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Kummatty (1979)
8/10
An Unassuming Fantasy
19 September 2016
What a lovely little film this turned out to be! Seeped in the rustic goodness of a Malayali village and the charmed music from God's own country, this mythical tale was a breath of fresh air. Dotted with songs that will have you humming along, the film follows a gang of children and their fate when an old man turns up in their village, and is labeled as Kummatty, or the Bogeyman.

The film stays honest to its setting - somehow managing to weave the peace and simplicity of the village into its characters, into its dialogue, and into its fluid song sequences. The relationship between the young and the old is beautifully captured, and when the film comes a full circle, Chinda, our main protagonist, realizes a thing or two about freedom and captivity.

This film may very well be India's own Pied Piper of Hamlin, and is a slice of folklore that is very unique to the country. Kummattikali is a dance form still practiced in Kerala during the Onam festival - and the legend seems to have arisen from the Mahabharata, where the Kummattis, or the ghost-companions of Lord Shiva, were called upon to dance and celebrate the virtue of Arjuna. And yes, masks have a huge role to play in this film, as they do in the dance form. A deliberate start but a great story in the end.
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Sambizanga (1972)
8/10
The Angolan Struggle
4 September 2014
This is a tragic, personal and political film – set in Angola (shot in Congo), and narrating the struggles and realities of the African Liberation Front. Dominguez, a soldier, a loving husband and a hard-working truck driver is arrested by the Portuguese secret police. What ensues is a story of inhuman cruelty and torture even as frail, oppressed and brave Africans try to resist and break free. The film could not have been shot in Angola, since the country was still fighting for its freedom – and thus the immense impact and significance of this film in 1973 can only be imagined. Both Domingos de Olivieira and Elisa Andrade are fantastic – but the entire cast does its job, be it the kids, the old or the Angolan fighters, also the Whites. Domingos, especially, is shot beautifully and he really comes to symbolize all of Angola's pain and injustice. The message and overall tone is deeply Marxist, with the 'rich' being marked as the enemy, and not the Whites. Angola's economy continues to suffer even today because of this huge divide between the rich and poor – and maybe there were/are reasons, but the vision of this film largely remains unrealized by the country. The quality of my print wasn't good, but the film was an absorbing one and somehow, the yellowish, haggard quality of the rip complemented the film. The film is fiction, yes, such stories are strewn across the history of African liberation, yes – but this cinematic account effectively drives home the helpless situation that many Africans dealt with. And like I said, its impact on Angolans in 1973 can only be imagined – and hence, it is immensely important. Not to take away a shred of credit from the filmmaking though – a great convergence of camera angles, acting and thematic treatment.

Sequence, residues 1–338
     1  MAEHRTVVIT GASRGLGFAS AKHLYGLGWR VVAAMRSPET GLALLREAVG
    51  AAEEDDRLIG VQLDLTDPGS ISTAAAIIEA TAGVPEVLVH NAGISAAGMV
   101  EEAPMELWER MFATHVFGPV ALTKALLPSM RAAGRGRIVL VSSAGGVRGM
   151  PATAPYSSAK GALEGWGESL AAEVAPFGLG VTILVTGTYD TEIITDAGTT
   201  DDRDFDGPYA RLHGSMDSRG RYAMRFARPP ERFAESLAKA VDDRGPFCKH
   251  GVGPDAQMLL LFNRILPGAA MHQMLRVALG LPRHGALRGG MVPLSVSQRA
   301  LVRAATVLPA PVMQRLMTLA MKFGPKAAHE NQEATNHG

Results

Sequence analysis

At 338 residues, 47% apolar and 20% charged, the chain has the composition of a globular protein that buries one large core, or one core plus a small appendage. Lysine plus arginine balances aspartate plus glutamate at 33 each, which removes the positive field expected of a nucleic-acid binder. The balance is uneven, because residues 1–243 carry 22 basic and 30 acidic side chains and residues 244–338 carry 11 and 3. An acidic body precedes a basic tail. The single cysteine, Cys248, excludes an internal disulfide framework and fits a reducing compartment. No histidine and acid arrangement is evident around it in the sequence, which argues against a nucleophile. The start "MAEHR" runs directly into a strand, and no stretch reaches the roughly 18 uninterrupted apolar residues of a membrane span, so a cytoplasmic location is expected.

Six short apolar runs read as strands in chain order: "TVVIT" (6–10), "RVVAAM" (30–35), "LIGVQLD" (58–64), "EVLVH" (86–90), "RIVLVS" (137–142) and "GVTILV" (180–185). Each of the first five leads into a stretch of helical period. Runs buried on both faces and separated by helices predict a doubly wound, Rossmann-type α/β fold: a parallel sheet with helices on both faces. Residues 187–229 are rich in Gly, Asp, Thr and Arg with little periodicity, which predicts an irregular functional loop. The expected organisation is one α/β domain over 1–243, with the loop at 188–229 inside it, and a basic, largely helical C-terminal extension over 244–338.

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10/10
Man + Nature: A Saga of Harshness
9 May 2014